The fact that in each case the proportion of timely responses fell below 90% should draw the ICO’s attention, as the agency says that its Performance Improvement Department uses this threshold as a ‘rule-of-thumb’ for deciding when to contact authorities.

Figures do not tally

The figures supplied by HBC do not tally – the total is greater than the sum of the disaggregated numbers for the various time categories (for 2018, the total is given as 808 while the numbers for the time categories add up to 718). Depending on how the missing cases are distributed among the time categories (1-20 days, 21-30 days, 31-40 days, 40+ days), this may mean that the proportion of requests which took more than 20 days to be responded to may be even greater than calculated above.

In these days when councils are starved of resources and staff are no doubt cut to the bone, applicants are probably minded not to be too bothered if a response is somewhat overdue. However, the number of long delayed responses taking more than 40 days has risen substantially in the last three years, from 25 in 2016 to 45 in 2017 and 64 last year, when they accounted for 43% of all overdue responses.

Hurrell is concerned that delayed responses to its FoI and EIR requests are not due to a lack of administrative resources, but part of a deliberate policy of not releasing information to do with the cause of the landslips and the possible role of activities in the adjacent Rocklands caravan park.

“HBC have put at least another 20 information requests ‘on hold’,” he told HOT, but when SEG repeatedly asked which, “HBC refused for over a year to even tell us what requests were on hold.”

In addition to the request which was the subject of the complaint reported above, he said, “The ICO have already intervened around a dozen times to make HBC answer requests that were very seriously delayed – some for up to two years.”

 

Posted 15:56 Wednesday, Jun 12, 2019 In: Local Government

2 Comments

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  1. Ms.Doubtfire

    The arrogance of this council knows no bounds – even after this damning report is received from the ICO they insist they are right and they don’t agree with this decision.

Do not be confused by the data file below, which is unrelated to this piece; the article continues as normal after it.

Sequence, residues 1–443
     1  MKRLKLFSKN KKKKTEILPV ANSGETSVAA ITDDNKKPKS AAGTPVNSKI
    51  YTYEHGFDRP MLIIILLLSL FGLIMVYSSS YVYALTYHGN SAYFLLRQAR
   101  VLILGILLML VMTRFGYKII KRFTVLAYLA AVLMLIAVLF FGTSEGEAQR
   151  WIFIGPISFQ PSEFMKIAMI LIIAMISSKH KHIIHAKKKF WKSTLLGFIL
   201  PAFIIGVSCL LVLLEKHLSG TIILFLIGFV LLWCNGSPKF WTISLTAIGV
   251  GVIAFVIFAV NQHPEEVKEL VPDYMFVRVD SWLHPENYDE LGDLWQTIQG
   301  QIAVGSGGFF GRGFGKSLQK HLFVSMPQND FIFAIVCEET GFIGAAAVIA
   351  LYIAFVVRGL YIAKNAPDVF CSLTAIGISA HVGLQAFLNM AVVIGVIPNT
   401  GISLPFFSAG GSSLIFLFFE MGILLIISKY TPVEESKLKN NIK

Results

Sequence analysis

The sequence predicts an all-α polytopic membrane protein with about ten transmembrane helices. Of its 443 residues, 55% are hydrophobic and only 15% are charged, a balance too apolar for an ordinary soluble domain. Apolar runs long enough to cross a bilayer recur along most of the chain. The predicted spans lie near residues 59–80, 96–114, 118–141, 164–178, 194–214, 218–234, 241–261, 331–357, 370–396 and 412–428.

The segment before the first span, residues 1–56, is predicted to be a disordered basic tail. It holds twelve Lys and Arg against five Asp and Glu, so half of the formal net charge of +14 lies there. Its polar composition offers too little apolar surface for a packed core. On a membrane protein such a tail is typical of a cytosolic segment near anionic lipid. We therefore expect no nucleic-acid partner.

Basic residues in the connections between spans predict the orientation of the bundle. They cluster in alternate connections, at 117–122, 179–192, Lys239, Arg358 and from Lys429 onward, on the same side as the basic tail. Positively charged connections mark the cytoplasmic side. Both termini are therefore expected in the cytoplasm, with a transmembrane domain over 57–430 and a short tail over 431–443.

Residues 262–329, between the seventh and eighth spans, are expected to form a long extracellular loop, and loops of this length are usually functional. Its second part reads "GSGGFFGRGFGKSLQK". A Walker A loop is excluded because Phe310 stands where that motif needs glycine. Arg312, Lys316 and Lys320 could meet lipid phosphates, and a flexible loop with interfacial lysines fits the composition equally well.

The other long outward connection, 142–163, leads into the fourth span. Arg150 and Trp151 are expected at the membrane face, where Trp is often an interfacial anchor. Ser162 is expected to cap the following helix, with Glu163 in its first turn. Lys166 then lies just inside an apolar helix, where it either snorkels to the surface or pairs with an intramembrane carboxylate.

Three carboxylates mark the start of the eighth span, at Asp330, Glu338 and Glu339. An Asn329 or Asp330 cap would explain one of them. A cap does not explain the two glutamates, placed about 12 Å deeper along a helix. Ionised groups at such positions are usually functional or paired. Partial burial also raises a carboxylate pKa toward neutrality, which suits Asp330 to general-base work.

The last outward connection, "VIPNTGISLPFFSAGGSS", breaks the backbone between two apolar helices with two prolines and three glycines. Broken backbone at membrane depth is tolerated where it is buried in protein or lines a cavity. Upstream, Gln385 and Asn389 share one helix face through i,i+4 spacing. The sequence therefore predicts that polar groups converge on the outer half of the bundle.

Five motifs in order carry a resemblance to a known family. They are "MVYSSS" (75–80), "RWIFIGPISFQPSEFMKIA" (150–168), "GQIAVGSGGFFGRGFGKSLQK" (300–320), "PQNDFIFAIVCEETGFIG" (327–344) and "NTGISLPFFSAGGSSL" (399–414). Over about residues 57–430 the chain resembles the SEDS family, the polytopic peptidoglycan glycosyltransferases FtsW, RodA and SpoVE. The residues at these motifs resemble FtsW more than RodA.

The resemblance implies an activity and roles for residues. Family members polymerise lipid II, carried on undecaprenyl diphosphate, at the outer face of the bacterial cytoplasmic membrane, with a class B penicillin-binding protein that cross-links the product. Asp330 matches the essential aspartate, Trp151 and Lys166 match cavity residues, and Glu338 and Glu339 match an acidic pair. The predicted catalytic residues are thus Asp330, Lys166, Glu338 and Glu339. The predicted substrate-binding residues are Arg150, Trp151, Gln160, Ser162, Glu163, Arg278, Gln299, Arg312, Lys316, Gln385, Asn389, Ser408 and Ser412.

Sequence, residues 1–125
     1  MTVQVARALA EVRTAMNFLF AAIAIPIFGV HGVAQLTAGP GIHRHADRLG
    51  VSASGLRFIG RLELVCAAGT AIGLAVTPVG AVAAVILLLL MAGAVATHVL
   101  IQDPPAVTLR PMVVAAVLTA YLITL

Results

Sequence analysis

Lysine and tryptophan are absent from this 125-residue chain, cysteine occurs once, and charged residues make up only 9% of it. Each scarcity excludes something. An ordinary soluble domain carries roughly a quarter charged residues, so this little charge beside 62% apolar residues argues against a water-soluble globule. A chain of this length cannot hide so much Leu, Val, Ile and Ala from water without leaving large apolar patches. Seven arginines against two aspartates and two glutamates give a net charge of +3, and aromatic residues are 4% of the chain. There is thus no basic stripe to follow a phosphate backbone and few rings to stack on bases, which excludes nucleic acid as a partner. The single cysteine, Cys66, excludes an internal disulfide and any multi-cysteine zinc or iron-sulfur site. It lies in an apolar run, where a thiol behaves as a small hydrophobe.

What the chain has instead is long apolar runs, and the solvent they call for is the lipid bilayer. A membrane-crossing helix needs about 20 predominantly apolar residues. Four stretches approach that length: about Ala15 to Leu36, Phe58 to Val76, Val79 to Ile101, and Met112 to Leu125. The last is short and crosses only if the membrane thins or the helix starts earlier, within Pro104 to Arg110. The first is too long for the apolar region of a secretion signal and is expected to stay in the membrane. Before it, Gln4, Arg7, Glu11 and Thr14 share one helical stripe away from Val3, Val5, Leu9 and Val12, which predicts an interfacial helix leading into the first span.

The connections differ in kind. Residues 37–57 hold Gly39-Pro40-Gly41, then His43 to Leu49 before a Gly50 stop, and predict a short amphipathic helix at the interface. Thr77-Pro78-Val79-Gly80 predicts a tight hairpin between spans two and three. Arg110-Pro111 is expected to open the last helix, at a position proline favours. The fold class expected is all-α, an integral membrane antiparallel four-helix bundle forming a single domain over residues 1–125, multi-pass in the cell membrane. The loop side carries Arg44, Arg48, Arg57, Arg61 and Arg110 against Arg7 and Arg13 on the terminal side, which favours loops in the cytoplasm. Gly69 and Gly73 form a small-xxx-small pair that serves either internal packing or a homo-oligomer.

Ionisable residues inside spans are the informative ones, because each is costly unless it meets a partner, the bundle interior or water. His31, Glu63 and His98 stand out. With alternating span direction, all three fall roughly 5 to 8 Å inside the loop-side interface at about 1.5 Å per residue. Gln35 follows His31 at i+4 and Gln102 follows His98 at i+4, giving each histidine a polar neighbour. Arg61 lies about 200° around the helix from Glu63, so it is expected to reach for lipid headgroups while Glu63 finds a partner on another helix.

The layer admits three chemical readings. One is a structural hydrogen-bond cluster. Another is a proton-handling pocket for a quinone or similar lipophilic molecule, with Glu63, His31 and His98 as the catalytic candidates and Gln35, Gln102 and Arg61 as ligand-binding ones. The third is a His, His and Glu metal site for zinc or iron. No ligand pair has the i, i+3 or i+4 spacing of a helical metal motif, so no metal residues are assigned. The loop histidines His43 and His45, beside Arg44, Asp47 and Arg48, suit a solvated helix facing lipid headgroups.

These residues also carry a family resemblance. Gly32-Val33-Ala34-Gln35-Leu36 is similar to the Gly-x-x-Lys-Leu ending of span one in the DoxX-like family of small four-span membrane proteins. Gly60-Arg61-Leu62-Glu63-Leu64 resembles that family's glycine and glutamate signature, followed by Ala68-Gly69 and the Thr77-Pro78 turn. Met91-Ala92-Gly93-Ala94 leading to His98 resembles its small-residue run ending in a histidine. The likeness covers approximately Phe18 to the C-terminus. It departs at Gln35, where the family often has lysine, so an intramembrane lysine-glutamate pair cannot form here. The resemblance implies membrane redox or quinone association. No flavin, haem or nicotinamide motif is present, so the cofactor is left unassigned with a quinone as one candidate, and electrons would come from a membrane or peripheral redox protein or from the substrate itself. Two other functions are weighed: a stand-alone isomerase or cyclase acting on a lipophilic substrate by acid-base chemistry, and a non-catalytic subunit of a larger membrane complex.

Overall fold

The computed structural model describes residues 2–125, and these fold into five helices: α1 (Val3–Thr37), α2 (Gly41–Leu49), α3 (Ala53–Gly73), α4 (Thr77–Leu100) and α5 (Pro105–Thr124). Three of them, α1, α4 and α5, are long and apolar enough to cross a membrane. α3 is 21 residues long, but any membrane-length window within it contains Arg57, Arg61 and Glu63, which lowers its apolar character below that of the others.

When you have a council with this attitude what can you say? The events outlined in this article prove beyond doubt that Hastings council is not qualified to investigate Freedom of Information requests and does not acknowledge correct procedures when investigating these requests.
    This report from the ICO makes it patently clear that local authorities do not have the discretion to place ‘on hold’ valid information requests without the requester’s consent. And further raises serious concerns about the extreme delays in processing FOI requests.
    Will the council review its FOI procedures? Will they heed the ICO warnings? Very much a case of watch this space.

    Comment by Ms.Doubtfire — Friday, Jun 14, 2019 @ 09:11

  2. ken davis

    The fundamental problem here is that there persists in some local authorities (and I have experience of several) an unacceptable ‘circling of the covered wagons to repeal boarders’ attitude i.e protect officers and Councillors from any wrong doing and/or inefficiency. Many people will be aware of the no blame culture which has had to be introduced in the air transport industry amongst pilots and the leading American surgeon Atul Gwandi has adopted and promoted in surgery.
    The protect yourself approach is not only out of date but generates enormous claims of self interest/corruption in the local authority but is also hugely costly in terms of staff resources. The answer is to promote and support an open management culture which accepts that we all make mistakes (goodness knows I have made enough) and that it benefits all of us to review and learn from those errors rather than try to bury them. Such an approach can only come from the top.

    Comment by ken davis — Thursday, Jun 13, 2019 @ 09:10